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IOGCC issues produced water guidebook

Nick Snow
Washington Correspondent

WASHINGTON, DC, Apr. 11 -- The Interstate Oil & Gas Compact Commission has issued a guidebook cataloguing produced water data and water processing techniques used by oil and gas operators across the US.

The guidebook contains results of research funded by the US Department of Energy's National Energy Technology Laboratory and conducted by IOGCC and ALL Consulting. Researchers visited more than 80 production facilities in 25 states with regulators and operators as part of the study.

"What has historically been viewed as a waste that was efficiently disposed of in a cost-efficient and environmentally sound manner can now be efficiently managed and used as a valuable resource," said Dan Arthur, a partner in the Tulsa consulting firm.

IOGCC noted that US oil fields produced 20-50 times more water than crude, which traditionally has been a problem for the industry. Currently, each of the oil and gas producing states which make up IOGCC's membership are responsible for regulating produced water in accordance with its specific geology and geography.

US oil and gas operations produce 14 billion bbl/year of water, according to IOGCC. It pointed out that the Permian basin of Texas and New Mexico produces huge volumes, with only a small percentage suitable for irrigation. The Powder River basin in Wyoming and Montana produces only modest volumes, but most of this can be used for irrigation, it said.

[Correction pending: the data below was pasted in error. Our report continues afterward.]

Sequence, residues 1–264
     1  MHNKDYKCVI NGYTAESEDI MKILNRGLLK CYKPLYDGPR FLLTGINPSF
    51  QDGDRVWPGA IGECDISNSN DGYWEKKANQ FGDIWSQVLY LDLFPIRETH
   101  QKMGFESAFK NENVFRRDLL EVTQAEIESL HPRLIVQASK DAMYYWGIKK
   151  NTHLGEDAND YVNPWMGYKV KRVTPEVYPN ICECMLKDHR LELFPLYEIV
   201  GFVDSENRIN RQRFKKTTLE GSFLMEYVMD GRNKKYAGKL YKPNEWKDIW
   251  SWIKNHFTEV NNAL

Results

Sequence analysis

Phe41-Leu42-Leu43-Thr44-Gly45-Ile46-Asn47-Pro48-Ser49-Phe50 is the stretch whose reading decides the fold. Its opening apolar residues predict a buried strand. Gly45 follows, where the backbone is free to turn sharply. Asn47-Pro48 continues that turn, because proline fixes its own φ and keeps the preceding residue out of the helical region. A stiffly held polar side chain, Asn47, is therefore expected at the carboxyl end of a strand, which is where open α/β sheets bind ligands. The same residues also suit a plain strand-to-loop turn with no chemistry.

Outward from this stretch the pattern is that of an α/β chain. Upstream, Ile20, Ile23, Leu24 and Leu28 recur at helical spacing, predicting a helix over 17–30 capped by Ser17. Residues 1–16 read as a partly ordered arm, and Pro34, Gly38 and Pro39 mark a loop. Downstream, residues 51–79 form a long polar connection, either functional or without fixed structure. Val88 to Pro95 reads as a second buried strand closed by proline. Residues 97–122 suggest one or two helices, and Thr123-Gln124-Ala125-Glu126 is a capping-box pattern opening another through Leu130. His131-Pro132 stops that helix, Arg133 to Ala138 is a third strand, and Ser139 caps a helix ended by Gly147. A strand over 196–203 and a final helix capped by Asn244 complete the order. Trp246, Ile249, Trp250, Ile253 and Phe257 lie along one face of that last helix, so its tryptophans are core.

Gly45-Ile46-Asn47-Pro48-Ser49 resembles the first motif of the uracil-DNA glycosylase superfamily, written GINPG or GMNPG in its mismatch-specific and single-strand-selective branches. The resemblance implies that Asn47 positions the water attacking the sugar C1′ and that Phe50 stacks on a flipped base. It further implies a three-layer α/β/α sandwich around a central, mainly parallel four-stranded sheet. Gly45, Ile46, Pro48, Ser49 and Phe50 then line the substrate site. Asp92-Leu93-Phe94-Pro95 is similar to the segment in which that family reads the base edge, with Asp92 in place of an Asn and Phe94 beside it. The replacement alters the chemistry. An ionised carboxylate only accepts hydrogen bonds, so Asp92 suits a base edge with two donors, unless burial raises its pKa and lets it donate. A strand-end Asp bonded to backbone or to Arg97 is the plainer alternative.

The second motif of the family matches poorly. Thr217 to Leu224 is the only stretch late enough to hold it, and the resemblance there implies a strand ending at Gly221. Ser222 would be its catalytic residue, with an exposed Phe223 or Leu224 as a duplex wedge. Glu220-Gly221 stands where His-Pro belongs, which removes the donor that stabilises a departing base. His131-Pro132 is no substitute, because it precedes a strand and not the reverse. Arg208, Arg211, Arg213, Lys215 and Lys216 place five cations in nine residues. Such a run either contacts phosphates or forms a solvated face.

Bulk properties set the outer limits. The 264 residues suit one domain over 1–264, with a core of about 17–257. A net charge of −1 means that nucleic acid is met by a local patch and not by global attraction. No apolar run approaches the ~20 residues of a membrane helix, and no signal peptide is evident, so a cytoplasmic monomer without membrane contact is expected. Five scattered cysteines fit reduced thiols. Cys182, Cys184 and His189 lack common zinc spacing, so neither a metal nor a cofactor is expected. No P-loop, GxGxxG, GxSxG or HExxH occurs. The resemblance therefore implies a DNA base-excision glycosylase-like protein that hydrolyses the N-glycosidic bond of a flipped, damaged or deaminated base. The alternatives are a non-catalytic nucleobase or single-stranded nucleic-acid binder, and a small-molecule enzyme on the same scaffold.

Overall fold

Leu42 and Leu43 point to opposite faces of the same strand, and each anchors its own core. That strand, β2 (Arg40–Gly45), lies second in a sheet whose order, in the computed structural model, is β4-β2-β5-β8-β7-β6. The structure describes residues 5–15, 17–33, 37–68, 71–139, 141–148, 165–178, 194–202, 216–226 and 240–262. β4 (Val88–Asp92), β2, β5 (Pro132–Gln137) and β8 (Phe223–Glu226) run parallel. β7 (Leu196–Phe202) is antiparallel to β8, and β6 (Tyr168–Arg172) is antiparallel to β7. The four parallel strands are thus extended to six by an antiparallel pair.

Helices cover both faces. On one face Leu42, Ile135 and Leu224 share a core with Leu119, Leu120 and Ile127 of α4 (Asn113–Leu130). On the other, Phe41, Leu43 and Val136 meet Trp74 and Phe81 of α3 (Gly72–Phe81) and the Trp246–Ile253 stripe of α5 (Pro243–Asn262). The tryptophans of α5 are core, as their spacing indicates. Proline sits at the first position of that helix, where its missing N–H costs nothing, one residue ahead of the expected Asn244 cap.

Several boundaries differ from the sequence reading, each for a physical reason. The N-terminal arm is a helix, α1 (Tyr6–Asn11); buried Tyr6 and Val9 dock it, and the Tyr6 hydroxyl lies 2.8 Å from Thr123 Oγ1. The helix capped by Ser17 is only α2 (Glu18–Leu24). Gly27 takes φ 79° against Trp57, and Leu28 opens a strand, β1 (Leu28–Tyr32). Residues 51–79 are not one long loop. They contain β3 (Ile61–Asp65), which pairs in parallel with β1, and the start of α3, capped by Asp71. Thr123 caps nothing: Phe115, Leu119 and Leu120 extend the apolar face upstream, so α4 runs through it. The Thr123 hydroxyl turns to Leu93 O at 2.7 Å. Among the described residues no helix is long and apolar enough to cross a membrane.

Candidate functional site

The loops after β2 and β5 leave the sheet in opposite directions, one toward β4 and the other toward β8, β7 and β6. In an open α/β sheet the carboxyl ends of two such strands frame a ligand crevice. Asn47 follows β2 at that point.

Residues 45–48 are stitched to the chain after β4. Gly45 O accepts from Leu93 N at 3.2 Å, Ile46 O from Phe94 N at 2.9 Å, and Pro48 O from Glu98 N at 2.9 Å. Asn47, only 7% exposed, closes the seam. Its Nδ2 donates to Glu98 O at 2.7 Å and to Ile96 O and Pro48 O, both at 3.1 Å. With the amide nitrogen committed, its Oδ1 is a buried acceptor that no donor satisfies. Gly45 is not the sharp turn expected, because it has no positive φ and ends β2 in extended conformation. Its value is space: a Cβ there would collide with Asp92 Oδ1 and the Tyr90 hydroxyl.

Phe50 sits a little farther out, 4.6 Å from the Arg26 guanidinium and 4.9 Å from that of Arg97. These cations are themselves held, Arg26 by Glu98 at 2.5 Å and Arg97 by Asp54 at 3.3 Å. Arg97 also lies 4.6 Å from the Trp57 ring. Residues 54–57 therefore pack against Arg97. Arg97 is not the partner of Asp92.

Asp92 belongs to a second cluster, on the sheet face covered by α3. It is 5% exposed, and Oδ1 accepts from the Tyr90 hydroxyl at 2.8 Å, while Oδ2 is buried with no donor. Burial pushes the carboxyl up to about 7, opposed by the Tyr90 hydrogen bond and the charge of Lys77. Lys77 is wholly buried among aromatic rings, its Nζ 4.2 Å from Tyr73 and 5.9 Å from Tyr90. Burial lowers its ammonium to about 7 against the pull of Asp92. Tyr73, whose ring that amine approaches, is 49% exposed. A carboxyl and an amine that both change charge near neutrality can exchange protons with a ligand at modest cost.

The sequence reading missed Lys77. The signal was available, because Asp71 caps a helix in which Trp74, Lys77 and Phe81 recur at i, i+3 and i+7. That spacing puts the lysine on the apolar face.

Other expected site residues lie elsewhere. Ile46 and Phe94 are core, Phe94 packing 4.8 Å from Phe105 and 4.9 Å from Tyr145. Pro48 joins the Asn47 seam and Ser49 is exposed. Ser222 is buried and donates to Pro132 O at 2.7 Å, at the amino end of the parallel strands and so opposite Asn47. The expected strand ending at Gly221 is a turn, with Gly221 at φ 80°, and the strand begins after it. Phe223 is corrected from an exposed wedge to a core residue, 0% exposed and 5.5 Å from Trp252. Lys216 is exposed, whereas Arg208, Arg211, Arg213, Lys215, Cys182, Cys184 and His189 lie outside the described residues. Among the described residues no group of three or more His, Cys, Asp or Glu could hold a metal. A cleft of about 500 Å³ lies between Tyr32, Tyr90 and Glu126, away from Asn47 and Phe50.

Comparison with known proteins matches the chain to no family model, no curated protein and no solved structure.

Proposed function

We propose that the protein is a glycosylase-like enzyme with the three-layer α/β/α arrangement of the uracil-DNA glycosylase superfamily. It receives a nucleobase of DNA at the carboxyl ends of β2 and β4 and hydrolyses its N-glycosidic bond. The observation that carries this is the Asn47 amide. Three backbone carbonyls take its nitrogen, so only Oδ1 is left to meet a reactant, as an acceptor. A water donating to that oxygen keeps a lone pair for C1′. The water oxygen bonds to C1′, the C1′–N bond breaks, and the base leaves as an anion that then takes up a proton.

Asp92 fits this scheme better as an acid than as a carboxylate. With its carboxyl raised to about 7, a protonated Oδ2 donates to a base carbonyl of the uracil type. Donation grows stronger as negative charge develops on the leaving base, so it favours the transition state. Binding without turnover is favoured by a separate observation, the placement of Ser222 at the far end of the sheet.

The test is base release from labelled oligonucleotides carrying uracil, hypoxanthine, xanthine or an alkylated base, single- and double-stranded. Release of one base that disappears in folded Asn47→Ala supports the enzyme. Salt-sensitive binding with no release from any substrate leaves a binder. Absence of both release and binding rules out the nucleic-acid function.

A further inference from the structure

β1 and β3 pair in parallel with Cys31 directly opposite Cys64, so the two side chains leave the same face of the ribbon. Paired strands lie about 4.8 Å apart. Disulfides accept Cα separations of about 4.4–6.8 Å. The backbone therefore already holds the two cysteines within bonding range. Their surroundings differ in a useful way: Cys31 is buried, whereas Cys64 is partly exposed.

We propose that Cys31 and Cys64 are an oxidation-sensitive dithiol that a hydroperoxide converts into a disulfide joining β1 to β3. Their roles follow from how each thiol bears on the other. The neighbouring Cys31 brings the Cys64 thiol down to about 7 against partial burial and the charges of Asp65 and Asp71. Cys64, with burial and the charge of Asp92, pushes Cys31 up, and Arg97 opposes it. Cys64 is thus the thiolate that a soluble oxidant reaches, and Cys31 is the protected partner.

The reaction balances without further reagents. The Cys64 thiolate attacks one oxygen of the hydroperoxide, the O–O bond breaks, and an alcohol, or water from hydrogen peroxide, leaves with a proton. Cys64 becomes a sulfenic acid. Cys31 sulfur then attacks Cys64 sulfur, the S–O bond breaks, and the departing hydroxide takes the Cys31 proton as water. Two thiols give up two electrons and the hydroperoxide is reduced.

Guidebook's features
Arthur said the guidebook will help state and federal authorities develop produced water regulations which encourage beneficial uses while protecting each region's environment. Oil and gas producers also can use it to plan produced water stewardship as they move into new areas, IOGCC said.

Technology transfer recommendations in the guidebook also may prove useful as operators try to maintain economic production from older fields that have progressed to higher water-to-oil ratios, it added. IOGCC said the guidebook also will provide operators a valuable reference as they pursue unconventional resource plays such as the Barnett shale or coalbed methane, which can involve unusually high initial water production rates.

The guidebook assembles operational parameters of produced water management strategies, leading edge water treatment technologies, and water reduction techniques into a catalogue of currently available practices. Many of these already are being used while others require more field trials, according to IOGCC.

Water quality data from many important US onshore oil and gas basins also are listed, with case studies providing examples of water stewardship successes and specific lessons to be learned. The guidebook also organizes water quality data in a geo-spatial framework "alongside average rainfall, evapo-transpiration, and population density" to identify US areas where water stewardship is important and beneficial use of produced water is vital.

Lastly, the guidebook can help educate landowners near oil and gas fields, concerned consumers, and environmental groups about the issue, IOGCC said.

Contact Nick Snow at nsnow@cox.net.


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